Gov. Mike Parson, a Republican, then said he was unable to implement it.
Groups supporting the Medicaid expansion turned to the courts for relief. A lower court ruled in the state’s favor, finding that the legislature was not required to appropriate funds for Medicaid expansion. But the ruling from the Missouri Supreme Court now reverses that decision.
The court said that the state Medicaid program was now bound by the ballot initiative “concerning which individuals are eligible to enroll,” regardless of any appropriation decisions made in the legislature.
The new ruling directs the lower court to work out the details of getting the new program underway, but it is unclear when exactly Missouri will begin enrolling patients. Kelli Jones, a spokeswoman for Governor Parson, said in an emailed statement that the governor did not think he had the “necessary budget authority” to implement the expansion, and was “looking at what options may be available.”
Because of its timing, Missouri’s participation in Medicaid expansion is actually likely to leave the state better off financially, at least for the next two years. That’s because new federal stimulus funds, available to states that expand Medicaid this year, will cover the state’s 10 percent share of the program — and then some.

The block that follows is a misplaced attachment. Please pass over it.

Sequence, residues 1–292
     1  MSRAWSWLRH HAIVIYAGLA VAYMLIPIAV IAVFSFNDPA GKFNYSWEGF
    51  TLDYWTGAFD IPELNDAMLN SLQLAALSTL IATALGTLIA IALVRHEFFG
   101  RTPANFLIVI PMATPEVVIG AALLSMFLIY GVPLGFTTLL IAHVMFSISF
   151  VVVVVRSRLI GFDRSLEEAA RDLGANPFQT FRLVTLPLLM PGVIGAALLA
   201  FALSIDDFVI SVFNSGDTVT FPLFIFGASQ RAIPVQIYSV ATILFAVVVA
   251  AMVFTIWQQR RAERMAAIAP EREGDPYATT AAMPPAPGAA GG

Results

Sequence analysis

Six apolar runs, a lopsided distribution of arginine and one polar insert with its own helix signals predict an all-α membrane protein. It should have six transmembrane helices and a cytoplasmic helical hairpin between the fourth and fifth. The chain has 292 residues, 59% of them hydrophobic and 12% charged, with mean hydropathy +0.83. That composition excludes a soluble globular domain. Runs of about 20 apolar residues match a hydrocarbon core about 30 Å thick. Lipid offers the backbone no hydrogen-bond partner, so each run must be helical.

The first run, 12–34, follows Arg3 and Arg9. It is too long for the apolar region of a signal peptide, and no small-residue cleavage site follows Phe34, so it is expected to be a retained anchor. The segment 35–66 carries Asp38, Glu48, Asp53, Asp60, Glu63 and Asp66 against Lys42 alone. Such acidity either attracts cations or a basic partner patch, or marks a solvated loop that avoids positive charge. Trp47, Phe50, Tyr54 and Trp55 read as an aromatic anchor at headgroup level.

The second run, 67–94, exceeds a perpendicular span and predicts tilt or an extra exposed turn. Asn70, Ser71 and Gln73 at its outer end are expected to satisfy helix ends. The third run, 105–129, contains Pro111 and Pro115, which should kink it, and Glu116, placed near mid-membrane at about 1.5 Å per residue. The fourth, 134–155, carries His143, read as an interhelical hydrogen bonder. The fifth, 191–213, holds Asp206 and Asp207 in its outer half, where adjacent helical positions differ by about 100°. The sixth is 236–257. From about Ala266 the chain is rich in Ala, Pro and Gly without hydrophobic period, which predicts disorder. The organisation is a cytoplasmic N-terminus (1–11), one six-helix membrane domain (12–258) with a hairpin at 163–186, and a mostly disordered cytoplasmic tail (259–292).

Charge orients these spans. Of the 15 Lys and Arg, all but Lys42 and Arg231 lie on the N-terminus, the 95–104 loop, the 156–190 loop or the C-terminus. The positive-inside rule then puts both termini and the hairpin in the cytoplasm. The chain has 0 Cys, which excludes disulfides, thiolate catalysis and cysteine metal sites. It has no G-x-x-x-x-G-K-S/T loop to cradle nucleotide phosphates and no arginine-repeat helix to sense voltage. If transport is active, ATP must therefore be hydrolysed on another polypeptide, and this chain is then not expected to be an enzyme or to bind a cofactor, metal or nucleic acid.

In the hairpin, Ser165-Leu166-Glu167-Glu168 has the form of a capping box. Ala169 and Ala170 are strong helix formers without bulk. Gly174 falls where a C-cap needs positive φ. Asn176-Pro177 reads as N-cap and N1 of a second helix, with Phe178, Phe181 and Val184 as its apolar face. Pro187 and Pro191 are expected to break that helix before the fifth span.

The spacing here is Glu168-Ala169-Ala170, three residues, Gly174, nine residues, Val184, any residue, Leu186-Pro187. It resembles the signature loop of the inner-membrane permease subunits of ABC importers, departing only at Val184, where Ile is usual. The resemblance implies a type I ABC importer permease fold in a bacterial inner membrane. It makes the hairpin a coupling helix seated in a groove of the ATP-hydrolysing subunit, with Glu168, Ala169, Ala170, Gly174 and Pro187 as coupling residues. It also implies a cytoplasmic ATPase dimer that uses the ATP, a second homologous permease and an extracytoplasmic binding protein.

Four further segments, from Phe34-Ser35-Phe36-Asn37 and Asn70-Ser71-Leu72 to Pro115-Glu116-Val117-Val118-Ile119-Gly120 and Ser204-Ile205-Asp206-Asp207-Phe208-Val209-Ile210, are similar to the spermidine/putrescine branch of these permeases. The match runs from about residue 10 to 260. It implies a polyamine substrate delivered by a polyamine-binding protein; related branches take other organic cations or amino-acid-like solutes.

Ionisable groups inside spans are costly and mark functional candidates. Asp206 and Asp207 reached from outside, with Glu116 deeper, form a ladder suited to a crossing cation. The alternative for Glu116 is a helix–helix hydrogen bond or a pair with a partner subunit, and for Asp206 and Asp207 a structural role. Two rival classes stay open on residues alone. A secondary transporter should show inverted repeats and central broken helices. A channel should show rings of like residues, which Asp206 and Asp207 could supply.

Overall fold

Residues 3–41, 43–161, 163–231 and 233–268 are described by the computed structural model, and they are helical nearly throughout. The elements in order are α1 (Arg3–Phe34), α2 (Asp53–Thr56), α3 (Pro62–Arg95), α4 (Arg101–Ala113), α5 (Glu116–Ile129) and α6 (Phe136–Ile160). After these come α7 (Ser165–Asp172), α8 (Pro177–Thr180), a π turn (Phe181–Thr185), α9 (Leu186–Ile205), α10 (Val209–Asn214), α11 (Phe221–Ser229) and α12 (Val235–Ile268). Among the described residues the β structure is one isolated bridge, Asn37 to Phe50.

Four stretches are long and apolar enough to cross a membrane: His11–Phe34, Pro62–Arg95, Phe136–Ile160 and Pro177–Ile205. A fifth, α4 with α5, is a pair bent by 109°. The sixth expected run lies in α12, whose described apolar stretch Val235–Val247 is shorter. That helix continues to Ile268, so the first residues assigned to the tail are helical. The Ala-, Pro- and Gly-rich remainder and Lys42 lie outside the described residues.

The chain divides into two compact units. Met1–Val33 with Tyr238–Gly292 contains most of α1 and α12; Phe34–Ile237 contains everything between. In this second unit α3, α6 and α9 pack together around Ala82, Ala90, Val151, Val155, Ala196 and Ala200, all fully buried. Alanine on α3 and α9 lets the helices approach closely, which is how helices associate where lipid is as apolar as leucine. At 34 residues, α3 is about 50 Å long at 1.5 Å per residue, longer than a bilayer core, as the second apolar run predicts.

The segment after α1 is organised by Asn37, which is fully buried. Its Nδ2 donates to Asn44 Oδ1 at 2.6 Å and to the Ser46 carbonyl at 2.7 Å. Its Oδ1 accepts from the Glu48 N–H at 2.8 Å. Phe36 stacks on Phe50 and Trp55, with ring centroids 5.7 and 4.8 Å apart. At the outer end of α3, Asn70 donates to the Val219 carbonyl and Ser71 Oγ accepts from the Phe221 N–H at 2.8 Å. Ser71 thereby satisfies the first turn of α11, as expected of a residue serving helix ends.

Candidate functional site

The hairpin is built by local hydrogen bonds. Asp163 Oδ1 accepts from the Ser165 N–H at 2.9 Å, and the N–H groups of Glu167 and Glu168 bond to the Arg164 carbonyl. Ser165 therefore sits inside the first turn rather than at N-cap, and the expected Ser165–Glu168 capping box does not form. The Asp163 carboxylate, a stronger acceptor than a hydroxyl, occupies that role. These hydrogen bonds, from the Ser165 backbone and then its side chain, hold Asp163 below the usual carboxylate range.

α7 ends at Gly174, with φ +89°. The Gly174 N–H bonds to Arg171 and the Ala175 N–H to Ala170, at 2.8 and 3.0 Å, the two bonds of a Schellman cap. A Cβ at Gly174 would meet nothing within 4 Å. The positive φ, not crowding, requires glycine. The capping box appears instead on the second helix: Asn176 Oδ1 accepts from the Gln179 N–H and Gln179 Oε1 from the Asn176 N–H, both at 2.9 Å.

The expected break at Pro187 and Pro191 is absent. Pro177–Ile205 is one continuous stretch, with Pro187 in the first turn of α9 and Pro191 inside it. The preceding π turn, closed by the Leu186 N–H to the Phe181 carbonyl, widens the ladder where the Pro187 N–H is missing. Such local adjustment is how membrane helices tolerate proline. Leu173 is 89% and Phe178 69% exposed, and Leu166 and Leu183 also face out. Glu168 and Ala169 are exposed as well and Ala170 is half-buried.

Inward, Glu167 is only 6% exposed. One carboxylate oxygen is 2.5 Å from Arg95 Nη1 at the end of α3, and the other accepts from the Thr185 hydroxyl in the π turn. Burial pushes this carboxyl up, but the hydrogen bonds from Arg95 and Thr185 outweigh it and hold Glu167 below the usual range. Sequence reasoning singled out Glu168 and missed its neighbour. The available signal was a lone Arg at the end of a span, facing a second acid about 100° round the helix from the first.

The state will receive about $1 billion over two years in additional funds for expanding Medicaid, according to a Kaiser Family Foundation estimate. Last summer, before those funds existed, Missouri’s state auditor had estimated that the Medicaid expansion would cost the state a maximum of $200 million.
Missouri is the second state to receive the new stimulus funds from the American Rescue Program, after Oklahoma, which opened its Medicaid expansion on July 1 after it also passed a ballot initiative in 2020. Both states passed their ballot initiatives before those stimulus funds were created.
The Fairness Project, a national nonprofit that helped organize the Medicaid ballot initiative in Missouri and in other states, is now aiming to put the issue to a vote in South Dakota in 2022. Groups there are gathering signatures ahead of a September deadline.